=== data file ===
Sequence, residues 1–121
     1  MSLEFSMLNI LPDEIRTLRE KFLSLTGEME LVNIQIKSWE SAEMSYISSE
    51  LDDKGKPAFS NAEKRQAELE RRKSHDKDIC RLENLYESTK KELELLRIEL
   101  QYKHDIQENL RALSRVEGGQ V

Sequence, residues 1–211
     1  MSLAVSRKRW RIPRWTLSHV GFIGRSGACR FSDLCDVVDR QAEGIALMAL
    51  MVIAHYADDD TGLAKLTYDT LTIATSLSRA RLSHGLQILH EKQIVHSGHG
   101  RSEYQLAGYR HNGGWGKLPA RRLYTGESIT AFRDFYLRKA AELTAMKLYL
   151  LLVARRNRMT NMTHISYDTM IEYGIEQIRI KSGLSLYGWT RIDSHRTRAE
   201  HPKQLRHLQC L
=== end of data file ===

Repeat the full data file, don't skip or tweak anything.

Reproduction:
Sequence, residues 1–121
     1  MSLEFSMLNI LPDEIRTLRE KFLSLTGEME LVNIQIKSWE SAEMSYISSE
    51  LDDKGKPAFS NAEKRQAELE RRKSHDKDIC RLENLYESTK KELELLRIEL
   101  QYKHDIQENL RALSRVEGGQ V

Sequence, residues 1–211
     1  MSLAVSRKRW RIPRWTLSHV GFIGRSGACR FSDLCDVVDR QAEGIALMAL
    51  MVIAHYADDD TGLAKLTYDT LTIATSLSRA RLSHGLQILH EKQIVHSGHG
   101  RSEYQLAGYR HNGGWGKLPA RRLYTGESIT AFRDFYLRKA AELTAMKLYL
   151  LLVARRNRMT NMTHISYDTM IEYGIEQIRI KSGLSLYGWT RIDSHRTRAE
   201  HPKQLRHLQC L